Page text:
Iain Dale 7pm - 10pm
Women held captive in same Iranian prison as Nazanin Zaghari-Ratcliffe on unknown charges
12 September 2019, 15:09
Two women with dual British-Australian citizenship and an Australian man are being held in Iran on unknown charges.
Defence Secretary Ben Wallace has demanded their release amid growing tensions between London and Tehran.
Relations between the two countries have been fraught following the detention of British-Iranian mother Nazanin Zaghari-Ratcliffe and clashes involving Iranian and British ships in Gibraltar and the Strait of Hormuz.
Speaking in London, Mr Wallace urged Iran "to follow the international rule of law" and "behave like all the other mature civilisations around the world".
He said: "[Iran needs to] respect freedom of navigation in the Strait and to release people that have been detained in the way they have been over the last couple of years."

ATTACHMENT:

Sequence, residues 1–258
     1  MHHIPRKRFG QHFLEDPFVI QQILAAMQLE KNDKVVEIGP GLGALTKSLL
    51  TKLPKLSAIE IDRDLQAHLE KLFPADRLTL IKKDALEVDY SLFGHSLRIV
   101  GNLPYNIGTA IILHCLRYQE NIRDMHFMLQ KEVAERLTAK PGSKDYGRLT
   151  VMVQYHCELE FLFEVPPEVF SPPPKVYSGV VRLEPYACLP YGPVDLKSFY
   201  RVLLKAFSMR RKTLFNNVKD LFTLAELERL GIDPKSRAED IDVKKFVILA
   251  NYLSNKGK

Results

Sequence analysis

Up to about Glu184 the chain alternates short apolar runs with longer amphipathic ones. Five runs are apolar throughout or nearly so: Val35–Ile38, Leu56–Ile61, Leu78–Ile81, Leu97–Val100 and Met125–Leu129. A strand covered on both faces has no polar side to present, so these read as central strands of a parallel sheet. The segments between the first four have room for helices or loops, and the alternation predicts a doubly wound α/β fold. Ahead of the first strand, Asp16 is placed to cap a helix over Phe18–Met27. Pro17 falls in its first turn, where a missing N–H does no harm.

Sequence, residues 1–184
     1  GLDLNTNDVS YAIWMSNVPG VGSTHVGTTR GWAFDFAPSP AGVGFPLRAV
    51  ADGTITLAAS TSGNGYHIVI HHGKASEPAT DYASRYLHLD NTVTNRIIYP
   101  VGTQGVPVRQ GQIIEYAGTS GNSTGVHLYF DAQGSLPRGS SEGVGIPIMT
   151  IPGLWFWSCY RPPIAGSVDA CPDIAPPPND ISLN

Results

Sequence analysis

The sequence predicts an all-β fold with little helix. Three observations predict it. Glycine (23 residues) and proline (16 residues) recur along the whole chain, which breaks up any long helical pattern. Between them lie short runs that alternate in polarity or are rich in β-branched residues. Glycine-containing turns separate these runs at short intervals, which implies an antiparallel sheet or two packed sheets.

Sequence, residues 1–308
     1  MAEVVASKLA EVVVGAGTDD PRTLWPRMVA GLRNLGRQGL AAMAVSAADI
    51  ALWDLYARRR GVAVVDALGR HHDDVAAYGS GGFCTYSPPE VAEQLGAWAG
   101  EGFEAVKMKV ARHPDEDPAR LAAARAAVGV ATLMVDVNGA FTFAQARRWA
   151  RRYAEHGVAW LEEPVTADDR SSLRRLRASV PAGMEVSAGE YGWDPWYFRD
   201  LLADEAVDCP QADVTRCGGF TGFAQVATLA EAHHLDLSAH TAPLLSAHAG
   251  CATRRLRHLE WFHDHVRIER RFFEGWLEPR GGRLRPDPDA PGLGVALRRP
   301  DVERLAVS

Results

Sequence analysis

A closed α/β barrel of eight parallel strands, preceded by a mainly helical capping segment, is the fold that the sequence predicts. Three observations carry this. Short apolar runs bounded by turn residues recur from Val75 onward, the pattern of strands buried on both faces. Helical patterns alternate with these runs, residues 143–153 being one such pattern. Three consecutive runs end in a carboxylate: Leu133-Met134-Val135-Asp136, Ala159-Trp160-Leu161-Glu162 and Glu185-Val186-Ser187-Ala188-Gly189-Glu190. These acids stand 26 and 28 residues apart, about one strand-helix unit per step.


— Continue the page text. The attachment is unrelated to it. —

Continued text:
The two women were arrested and detained in separate incidents, according to reports in The Times.
It is reported that they have been incarcerated in Tehran's notorious Evin jail, where 41-year-old Nazanin, has been held on spying charges since 2016.
One of the women was arrested with her Australian boyfriend 10 weeks ago allegedly for camping in a military area around Jajrood, in Tehran province.
She was blogging their experience as they travelled through Asia together.
The other woman was arrested several months ago and had been lecturing at an Australian university.
She has reportedly been jailed for 10 years with her alleged offence unknown.
Australian diplomats are assisting the families of the three people affected, whose names have not yet been made public.
The UK's Foreign Commonwealth Office has warned people with dual-Iranian citizenships not to visit Iran, as has Australia's Department of Foreign Affairs and Trade.
Former Foreign and Commonwealth Office minister Alistair Burt called the events "deeply worrying" and evidence of Iran turning up the pressure on the UK.
He said: "The policy of effectively taking hostages - that's how it looks - means that it makes it very difficult for those who want a different relationship with Iran to get on the front foot with those who regard it as unremittingly hostile."